Out of the fire April 22 2018 4 Comments

On March 27, 1941, at 6:55 a.m, my grandfather was rescued from the collapsed Manchester Robertson Allison building in Saint John, NB.

He was a volunteer member of the Salvage Corps.

As the Emerson building next to MRAs went up in flames, he and three other men climbed onto the second storey annex roof of MRAs with a hose to try to control the fire from that vantage point.

But the Emerson building gave way and collapsed onto the roof where my grandfather was standing, plunging him through the roof to the floors below.

He was trapped under the debris for three hours before being rescued. But he was alive, and despite his serious injuries, he was able to direct his rescuers to the likely location of the other missing men, one of whom lost his life that morning.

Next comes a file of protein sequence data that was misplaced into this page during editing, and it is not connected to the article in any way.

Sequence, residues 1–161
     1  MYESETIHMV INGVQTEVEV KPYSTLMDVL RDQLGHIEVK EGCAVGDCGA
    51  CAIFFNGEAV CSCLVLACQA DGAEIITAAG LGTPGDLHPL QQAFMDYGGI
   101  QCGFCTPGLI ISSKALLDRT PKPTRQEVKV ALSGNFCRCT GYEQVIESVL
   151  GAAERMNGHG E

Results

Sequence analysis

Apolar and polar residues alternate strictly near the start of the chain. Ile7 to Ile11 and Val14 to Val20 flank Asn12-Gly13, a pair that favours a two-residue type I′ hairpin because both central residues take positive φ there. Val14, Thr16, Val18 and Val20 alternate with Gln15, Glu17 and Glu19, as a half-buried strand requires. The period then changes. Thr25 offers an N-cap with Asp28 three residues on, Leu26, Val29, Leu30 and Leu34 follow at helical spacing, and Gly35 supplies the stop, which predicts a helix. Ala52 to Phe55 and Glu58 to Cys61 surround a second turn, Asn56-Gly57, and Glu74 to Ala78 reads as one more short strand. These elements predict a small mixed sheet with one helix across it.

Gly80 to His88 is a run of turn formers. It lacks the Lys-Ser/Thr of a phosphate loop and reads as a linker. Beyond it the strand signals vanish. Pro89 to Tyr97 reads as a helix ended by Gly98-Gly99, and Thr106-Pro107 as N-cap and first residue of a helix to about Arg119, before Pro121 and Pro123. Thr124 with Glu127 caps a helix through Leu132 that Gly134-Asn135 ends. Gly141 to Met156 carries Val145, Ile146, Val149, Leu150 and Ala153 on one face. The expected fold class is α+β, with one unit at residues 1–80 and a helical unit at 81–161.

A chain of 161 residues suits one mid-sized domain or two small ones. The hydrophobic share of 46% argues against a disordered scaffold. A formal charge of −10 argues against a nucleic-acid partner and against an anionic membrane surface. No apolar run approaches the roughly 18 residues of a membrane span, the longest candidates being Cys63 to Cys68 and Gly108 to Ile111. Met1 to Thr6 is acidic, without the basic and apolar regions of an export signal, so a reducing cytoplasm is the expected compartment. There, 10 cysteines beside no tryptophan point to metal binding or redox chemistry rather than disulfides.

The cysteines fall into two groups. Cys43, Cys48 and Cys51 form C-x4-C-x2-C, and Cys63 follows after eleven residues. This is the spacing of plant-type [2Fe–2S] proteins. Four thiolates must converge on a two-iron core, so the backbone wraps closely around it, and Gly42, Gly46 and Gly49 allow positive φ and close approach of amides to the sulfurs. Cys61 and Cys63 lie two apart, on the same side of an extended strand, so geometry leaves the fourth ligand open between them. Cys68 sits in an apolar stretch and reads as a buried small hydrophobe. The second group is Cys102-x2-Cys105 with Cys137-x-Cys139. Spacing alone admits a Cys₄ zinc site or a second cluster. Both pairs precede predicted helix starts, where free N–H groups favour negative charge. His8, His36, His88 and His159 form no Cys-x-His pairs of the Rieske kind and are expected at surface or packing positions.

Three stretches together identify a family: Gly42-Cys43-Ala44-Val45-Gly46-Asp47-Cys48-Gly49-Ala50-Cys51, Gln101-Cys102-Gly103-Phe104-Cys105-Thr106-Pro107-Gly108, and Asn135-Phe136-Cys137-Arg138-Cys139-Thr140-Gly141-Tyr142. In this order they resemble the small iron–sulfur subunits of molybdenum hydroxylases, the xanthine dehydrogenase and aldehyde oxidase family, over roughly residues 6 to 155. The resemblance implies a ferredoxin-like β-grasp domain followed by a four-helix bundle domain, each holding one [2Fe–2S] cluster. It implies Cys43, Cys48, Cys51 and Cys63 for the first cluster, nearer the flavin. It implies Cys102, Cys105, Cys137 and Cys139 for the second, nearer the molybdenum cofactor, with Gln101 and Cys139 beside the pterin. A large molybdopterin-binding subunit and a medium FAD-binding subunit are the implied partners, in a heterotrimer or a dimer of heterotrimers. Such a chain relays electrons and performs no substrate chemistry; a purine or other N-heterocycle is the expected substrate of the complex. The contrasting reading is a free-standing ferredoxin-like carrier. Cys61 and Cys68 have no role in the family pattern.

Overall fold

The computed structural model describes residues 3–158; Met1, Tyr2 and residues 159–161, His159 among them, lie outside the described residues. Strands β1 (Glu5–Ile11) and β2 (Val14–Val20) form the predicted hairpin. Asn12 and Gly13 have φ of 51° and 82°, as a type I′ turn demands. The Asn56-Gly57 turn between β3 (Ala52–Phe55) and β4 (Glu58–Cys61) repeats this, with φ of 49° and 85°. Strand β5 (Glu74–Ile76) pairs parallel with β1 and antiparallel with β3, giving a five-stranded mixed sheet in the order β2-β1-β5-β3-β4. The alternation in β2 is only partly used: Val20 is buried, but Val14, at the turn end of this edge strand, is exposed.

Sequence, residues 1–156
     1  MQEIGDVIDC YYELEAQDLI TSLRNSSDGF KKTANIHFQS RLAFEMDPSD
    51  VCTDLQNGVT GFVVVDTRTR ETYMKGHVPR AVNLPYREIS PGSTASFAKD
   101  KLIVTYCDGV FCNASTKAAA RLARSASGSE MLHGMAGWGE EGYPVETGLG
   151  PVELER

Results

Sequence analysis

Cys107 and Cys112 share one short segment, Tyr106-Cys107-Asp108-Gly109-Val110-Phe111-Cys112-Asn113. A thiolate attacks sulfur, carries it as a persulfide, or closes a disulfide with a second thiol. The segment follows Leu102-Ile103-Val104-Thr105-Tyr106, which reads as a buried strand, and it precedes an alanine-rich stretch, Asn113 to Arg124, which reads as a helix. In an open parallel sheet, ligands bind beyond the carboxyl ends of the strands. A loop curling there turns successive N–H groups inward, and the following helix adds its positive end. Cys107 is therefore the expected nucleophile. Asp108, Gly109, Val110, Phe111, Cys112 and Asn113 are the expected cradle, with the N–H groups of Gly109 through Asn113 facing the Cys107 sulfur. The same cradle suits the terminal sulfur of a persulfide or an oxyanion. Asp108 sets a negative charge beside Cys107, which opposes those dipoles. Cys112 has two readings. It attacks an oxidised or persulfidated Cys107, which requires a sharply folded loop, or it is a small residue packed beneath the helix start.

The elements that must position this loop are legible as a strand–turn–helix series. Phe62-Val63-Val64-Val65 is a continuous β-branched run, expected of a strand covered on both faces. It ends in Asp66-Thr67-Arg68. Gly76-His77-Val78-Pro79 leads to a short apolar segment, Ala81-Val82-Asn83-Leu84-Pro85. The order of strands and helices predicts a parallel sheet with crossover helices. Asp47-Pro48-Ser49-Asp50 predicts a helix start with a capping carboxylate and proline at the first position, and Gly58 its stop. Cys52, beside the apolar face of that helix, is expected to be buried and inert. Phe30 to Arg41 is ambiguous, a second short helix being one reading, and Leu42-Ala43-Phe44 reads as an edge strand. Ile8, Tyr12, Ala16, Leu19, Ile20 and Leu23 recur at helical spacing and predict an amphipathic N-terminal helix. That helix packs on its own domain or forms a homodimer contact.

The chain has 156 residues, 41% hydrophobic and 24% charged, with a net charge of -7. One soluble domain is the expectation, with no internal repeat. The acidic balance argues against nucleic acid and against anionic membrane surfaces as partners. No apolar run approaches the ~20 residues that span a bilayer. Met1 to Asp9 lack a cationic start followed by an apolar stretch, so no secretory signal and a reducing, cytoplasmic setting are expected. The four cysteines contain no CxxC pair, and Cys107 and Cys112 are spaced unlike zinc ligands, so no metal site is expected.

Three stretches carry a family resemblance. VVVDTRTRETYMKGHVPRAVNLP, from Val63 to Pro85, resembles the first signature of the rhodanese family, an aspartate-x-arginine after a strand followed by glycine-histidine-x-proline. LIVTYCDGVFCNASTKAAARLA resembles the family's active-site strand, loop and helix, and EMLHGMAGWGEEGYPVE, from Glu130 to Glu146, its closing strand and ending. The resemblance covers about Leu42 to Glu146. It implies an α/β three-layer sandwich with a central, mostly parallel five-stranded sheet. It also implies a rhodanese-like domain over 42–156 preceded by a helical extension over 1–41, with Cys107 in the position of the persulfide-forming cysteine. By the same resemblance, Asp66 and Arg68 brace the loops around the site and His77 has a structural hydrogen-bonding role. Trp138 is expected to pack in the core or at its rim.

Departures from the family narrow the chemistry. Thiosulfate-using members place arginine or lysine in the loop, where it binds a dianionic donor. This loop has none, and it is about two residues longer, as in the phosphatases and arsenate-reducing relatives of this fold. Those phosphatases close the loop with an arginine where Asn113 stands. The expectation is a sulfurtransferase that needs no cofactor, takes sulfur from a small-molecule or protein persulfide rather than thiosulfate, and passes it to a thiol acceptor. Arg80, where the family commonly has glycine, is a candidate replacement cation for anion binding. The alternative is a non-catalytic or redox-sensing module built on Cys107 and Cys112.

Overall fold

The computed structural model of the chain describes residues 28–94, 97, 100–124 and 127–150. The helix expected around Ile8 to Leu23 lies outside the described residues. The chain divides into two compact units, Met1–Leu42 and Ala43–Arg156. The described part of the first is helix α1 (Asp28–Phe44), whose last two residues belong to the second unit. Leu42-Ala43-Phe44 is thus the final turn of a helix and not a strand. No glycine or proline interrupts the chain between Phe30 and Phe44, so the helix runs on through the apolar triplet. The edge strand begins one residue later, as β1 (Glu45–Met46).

This story resonates with me in a couple of ways. First, I feel grateful, because the course of our family history would have been very different without my grandfather. 

Second, I am amazed that, despite this harrowing experience, Frederick William Brown, who joined the Salvage Corps and Fire Police in 1939, volunteered for another 48 years. He served as Captain and Secretary Treasurer and was an Honorary Member for the rest of his life.

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